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San Diego Symphony Scrambles to Fill Vacant Music Posts for Season Opener : Staunchly Conservative Approach Assumes Precedence to Try to Regain Confidence of Audience in Orchestras

November 09, 1987|KENNETH HERMAN

SAN DIEGO — In planning the subscription season programs after the trauma of last year's canceled season, the San Diego Symphony has chosen a staunchly conservative approach.

"At this point, we need to gain back the confidence of our audience for the standard orchestral repertory," artistic administrator Edmundo Diaz del Campo said. "Then, through a systematic education of the audience, we can expand into broader areas of programming."

Not surprisingly, Brahms, Beethoven and Mozart are the most heavily programmed composers in the orchestra's coming season. In contrast to former music director David Atherton's emphasis on playing British music and staging world premieres of compositions, the coming season offers little contemporary music and not a single composition by a British composer.

Each subscription concert will be played but twice--in previous seasons three or four performances were standard--a decision Diaz del Campo described as realistic in terms of this season's anticipated audience. The orchestra has avoided scheduling concerts on major holiday weekends, as well as during performances by the San Diego Opera and the San Diego Chamber Orchestra.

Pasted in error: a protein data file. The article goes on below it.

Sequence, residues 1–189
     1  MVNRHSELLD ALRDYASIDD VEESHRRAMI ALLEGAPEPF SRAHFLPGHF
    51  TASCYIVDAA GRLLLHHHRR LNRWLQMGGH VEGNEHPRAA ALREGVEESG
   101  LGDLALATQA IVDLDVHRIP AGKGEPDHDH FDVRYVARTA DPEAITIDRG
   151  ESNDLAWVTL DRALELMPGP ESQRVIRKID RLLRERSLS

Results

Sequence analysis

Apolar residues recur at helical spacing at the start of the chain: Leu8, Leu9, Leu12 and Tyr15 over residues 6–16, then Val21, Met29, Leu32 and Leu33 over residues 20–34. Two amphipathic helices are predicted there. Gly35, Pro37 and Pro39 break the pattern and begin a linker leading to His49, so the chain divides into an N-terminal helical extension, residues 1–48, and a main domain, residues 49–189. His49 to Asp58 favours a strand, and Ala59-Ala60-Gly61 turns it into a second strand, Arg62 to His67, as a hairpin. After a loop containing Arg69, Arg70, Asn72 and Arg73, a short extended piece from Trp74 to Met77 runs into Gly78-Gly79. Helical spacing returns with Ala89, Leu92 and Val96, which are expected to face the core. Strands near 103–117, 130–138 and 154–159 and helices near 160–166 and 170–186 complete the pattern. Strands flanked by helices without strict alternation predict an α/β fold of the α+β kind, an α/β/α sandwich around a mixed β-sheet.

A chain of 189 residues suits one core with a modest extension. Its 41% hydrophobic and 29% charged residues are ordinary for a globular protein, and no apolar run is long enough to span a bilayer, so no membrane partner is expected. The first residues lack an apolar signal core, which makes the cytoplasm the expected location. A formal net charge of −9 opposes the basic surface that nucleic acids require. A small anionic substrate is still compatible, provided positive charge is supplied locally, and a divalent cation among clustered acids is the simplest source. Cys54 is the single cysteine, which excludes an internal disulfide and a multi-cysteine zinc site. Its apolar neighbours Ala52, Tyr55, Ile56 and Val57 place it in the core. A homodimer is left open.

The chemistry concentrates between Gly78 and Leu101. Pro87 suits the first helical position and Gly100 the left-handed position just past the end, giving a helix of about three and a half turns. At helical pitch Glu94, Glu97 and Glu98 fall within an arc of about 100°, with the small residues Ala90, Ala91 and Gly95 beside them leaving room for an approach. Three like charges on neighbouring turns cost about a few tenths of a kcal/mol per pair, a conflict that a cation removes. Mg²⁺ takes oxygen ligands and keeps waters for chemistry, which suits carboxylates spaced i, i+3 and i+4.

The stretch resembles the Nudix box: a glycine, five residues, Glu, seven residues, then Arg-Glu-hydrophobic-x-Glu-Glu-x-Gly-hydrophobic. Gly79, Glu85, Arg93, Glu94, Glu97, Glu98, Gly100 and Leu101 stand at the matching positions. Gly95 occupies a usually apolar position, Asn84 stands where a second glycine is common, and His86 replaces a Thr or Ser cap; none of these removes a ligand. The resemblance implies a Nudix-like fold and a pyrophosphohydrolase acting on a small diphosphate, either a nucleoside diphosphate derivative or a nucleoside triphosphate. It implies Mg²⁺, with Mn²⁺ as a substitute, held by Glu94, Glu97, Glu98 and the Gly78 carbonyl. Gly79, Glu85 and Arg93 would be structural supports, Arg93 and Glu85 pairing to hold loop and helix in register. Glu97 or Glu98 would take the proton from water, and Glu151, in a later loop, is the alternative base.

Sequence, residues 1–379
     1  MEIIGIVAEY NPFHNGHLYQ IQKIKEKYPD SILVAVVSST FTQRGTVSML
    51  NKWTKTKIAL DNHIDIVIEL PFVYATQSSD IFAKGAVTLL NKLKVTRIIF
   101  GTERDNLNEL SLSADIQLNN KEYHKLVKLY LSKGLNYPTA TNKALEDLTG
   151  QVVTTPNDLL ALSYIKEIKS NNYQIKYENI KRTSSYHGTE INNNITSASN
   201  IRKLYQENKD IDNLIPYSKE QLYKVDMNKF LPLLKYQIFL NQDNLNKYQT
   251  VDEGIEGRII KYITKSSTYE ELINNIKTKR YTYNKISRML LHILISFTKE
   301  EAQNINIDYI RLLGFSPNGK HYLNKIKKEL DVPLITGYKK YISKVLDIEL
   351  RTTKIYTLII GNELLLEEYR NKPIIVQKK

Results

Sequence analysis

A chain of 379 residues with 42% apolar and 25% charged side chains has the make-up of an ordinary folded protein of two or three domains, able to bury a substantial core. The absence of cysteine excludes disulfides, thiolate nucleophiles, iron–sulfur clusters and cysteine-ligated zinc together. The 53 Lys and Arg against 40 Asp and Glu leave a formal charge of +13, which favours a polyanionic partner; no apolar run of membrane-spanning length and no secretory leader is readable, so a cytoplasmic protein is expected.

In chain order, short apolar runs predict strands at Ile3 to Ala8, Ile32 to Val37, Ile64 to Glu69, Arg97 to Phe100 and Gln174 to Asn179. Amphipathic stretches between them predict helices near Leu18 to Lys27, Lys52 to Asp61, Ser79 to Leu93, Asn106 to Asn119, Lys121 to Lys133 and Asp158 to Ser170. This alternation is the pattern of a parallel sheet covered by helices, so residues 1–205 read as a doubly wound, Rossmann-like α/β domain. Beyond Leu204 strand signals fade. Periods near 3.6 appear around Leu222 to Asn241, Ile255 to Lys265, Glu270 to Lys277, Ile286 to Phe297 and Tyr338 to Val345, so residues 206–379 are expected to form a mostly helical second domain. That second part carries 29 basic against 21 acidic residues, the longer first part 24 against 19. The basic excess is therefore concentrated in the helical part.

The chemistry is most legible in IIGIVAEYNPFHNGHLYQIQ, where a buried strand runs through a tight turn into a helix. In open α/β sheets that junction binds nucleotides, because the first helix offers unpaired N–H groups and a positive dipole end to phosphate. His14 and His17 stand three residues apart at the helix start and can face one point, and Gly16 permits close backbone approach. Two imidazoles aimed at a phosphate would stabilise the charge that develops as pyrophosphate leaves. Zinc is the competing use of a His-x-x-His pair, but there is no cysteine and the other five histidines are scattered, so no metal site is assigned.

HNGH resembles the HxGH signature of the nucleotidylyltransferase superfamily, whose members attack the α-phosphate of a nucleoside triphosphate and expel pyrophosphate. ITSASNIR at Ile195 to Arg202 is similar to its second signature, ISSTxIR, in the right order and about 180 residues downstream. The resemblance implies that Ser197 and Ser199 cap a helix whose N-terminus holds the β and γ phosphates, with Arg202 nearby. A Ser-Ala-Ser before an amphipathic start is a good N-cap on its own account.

In lieu of the former Sunday matinee performances, the symphony is offering two series of daytime Thursday concerts, although the music played will be lighter than the subscription concert fare.

Three Coffee Concerts will be played at 10:30 a.m. in Symphony Hall. Artistic adviser Fabio Mechetti will conduct the first on Dec. 3.

Three free lunch-hour concerts will be played outdoors in various locations. The first lunch-hour concert will be played Nov. 12 in the downtown Bank of America building's plaza.

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